The summit between President Trump and Russian President Vladimir Putin is welcome because U.S.-Russian relations are in a terrible state, however the prospect for achieving meaningful substantive improvement is low because suspicions run deep on all sides, says Virginia Tech’s policy and international affairs expert Gerard Toal.
In a recent opinion piece, Toal says “the Trump-Putin summit is making many in the transatlantic alliance nervous. Most fear a repeat of Trump’s narcissistic rogue diplomacy in June.”
“Trump’s resentment-fuelled diplomacy with allies was on display again at Nato’s annual summit last week, where he launched another blistering attack on Germany and scolded Nato members for taking advantage of the United States,” says Toal.
“Will the same strange pattern of hostility toward allies and empathy toward autocrats play out again? What if Trump tries to do a deal with Putin, offering meaningful concessions in exchange for his own narcissistic pleasure at having seemingly negotiated a diplomatic breakthrough?”
“Certainly Trump’s manifest comfort with authoritarians creates the potential for another “deal between two dictators” in Helsinki, one based perhaps on another defiantly unilateral gesture from Trump, as in Singapore. It is a prospect that has many very worried, for it just might signal the beginning of the end of the transatlantic alliance,” says Toal.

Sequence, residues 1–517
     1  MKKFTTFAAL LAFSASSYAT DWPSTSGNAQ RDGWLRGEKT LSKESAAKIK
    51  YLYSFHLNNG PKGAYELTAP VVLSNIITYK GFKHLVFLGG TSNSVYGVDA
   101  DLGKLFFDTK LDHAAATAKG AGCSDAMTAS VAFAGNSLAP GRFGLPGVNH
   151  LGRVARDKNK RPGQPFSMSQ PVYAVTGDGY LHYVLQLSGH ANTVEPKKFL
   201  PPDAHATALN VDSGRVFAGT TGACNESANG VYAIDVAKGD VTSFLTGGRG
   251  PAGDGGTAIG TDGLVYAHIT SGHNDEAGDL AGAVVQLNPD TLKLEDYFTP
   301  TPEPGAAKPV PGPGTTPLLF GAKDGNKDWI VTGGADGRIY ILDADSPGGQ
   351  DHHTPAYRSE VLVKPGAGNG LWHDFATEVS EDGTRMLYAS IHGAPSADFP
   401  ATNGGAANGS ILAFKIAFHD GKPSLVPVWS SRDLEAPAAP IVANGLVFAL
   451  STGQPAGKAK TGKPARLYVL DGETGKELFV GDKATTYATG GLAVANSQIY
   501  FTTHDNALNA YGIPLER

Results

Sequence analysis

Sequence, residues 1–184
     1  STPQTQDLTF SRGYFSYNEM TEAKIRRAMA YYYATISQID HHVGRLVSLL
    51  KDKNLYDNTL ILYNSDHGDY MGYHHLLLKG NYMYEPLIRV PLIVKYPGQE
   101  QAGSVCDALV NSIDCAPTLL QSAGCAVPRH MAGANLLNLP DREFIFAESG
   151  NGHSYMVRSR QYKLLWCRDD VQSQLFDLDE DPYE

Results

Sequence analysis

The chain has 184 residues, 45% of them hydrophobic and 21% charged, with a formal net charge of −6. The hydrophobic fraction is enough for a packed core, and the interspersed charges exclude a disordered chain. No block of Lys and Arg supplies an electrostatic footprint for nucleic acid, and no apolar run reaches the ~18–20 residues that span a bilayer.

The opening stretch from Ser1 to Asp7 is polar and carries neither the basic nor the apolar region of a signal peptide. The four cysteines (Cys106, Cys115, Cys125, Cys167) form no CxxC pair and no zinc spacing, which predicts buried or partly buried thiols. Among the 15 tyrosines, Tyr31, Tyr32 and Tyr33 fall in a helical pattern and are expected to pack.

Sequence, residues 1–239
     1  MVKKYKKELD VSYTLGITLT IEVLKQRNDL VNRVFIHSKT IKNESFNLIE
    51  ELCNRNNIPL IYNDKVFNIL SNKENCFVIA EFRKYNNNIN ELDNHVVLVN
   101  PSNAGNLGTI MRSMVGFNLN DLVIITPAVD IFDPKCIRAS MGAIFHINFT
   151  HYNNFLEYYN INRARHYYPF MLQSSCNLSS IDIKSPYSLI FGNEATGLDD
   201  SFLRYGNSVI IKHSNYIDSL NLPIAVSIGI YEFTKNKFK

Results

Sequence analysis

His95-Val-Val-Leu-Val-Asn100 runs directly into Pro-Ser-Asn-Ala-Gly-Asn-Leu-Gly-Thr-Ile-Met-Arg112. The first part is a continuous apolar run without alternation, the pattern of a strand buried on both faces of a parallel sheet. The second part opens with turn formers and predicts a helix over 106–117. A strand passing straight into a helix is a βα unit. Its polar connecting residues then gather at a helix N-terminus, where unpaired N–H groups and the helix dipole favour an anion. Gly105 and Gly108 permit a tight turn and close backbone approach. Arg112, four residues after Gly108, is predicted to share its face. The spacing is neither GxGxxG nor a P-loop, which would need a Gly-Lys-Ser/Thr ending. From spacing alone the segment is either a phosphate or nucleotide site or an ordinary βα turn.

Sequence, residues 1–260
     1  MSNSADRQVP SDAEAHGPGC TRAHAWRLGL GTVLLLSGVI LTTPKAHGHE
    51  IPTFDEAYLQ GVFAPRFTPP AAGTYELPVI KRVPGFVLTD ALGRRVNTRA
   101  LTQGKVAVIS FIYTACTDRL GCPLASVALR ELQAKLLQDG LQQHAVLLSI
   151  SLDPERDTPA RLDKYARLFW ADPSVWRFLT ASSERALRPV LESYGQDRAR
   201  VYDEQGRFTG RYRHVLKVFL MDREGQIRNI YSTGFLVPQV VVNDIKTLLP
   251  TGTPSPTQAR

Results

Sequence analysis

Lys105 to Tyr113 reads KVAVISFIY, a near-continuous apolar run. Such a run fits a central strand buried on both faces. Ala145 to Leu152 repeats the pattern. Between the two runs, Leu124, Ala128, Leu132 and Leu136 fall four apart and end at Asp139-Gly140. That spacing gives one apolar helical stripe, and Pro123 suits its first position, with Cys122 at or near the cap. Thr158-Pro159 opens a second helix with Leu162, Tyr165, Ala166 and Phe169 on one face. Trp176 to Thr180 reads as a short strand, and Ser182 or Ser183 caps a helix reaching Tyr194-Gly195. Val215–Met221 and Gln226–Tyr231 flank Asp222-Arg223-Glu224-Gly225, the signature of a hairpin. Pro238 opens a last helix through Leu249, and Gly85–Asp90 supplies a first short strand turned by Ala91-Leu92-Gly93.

Gerard Toal is a professor in the School of Public and International Affairs at Virginia Tech’s campus in the Washington D.C. metro region. He is the author or co-author of 75 journal articles and 23 book chapters on territorial conflicts, U.S. foreign policy, de facto states, popular culture, media and critical geopolitics. His latest book, Near Abroad: Putin, the West and the Contest for Ukraine and the Caucasus, is a study of two Russian invasions of neighboring states, Georgia in 2008 and Ukraine in 2014, and the circumstances surrounding these events, including U.S. involvement in both states.
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